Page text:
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Nancy Faison Bryson 60 and Vaughn Douglas Bryson 60

Distinguished Service Medal Citation

Nancy Faison Bryson ’60 and Vaughn Douglas Bryson ’60

It’s not difficult to measure the far-reaching impact Nancy and Vaughn Bryson have had on Carolina since they graduated from the pharmacy school together in 1960. The trick is finding where to start. Accomplished professionals, diehard Tar Heels and wonderful friends, they’re deeply committed to making an impact on the University and the world around them.

Nancy explains that their giving is very eclectic because that’s exactly how they feel about the University. It’s not just the pharmacy school or the baseball team for which Vaughn played, but also music, medicine, the library, the College of Arts and Sciences.

Much of their philanthropy has its roots in their student days. Nancy played alto clarinet in the concert band, was active in Kappa Kappa Gamma sorority and other campus groups, and was an honorary member of the Valkyries. Vaughn made his mark as a three-year starter, varsity letter winner and member of Carolina’s first College World Series baseball team. They grew fond of pharmacy Professor George Cocolas, who injected learning with a dose of excitement and shared Vaughn’s love of baseball.

Nancy served on the Board of Visitors from 1993 to 1997 and on the board of directors of the Arts and Sciences Foundation from 1994 to 2001. Both are members of the Carolina First campaign steering committee.

The Brysons’ first major gift went toward a new music library. Their gift to the Educational Foundation, set up an endowment for the baseball program, the first of its kind at Carolina. It already has led to improvements such as a new scoreboard, trophy case, stadium furniture, players’ lounge, and renovated coaches’ offices.

Nancy and Vaughn have helped fund UNC medical school research into an abnormality that leads to a group of disorders known as MPS. And recently they donated $5 million to establish a clinical genetics research center at the medical school.

The latter, according to medical school Dean Bill Roper, is expected to be instrumental in creating one of the nation’s leading centers for medical genetics. Says Bill, “We have, for several years, had a focus on the laboratory research side of genetics, but what their donation will do is help create a clinical side to research genetics that will be an important partner here.

“The thing that distinguishes the Brysons,” Dean Roper says, “in addition to their wonderful personalities, is the depth of their interest in actually being involved in the University. They’re not just passive investors, they really do want to take an active part in what’s going on, especially in medicine.”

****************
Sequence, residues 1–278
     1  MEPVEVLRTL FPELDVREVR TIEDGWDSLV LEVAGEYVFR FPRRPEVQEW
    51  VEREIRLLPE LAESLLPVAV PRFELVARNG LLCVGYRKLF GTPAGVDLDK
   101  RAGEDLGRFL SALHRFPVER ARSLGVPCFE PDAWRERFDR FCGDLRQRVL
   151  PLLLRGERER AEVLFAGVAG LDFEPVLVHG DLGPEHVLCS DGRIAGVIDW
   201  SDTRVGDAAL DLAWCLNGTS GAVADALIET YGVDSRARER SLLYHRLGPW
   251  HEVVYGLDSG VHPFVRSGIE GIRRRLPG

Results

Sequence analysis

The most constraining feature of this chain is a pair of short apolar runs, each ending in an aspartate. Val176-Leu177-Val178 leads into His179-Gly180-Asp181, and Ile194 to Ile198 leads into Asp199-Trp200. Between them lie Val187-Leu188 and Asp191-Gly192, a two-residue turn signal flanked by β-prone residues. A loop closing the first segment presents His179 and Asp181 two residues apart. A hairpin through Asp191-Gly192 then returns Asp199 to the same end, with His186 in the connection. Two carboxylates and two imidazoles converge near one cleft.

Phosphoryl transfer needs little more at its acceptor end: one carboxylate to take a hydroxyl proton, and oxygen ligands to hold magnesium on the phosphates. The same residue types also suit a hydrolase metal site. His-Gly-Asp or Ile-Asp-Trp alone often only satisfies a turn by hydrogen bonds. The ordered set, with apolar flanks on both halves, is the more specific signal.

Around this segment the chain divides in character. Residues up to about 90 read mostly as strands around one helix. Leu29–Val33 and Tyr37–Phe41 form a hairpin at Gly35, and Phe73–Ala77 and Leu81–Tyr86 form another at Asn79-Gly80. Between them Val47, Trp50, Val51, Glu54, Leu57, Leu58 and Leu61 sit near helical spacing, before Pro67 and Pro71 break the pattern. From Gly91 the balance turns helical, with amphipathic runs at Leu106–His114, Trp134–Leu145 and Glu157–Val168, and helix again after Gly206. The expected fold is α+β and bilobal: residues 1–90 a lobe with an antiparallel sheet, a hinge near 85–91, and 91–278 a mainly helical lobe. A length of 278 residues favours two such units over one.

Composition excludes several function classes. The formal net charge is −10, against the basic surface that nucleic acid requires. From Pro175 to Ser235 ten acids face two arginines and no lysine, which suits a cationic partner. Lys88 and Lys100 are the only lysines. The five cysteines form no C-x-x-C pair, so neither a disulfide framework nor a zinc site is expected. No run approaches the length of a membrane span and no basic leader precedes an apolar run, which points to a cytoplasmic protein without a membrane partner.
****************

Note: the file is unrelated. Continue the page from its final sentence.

Vaughn began his career as a sales representative with Eli Lilly, the company of which he would rise to chief executive officer. In 1967, he completed the Sloan Program at the Stanford Graduate School of Business and held a variety of market research, sales and management positions with Eli Lilly. In 1975 he was named vice president of Lilly International and worked in London from 1979 to 1982, where he established the European headquarters leading to a global focus on new product planning and marketing. Vaughn also was head of Elanco Products Co., a worldwide animal health and agricultural chemical operation; and was vice chairman of Vector Securities International Inc., a Chicago-area global investment bank.

Nancy worked for many years as a pharmacist in hospitals and professional retail operations.

In 2000 Nancy and Vaughn remembered Professor Cocolas with a distinguished professorship in pharmaceutical sciences in his name. They also helped fund Banks Kerr Hall, the pharmacy school addition named for their friend, and provided a discretionary funds endowment to Pharmacy Dean Bill Campbell.

They also have helped with the House Undergraduate Library renovation and the Faculty Partners Fund in Arts and Sciences. 

They apparently are pretty good role models as well. Their children, Bill ’89 and Cathy ’90, have made major gifts through the Bryson Foundation to the Campus Y renovation and an American studies professorship endowment. 

Hardly a corner of Carolina has not been touched by this extraordinary pair.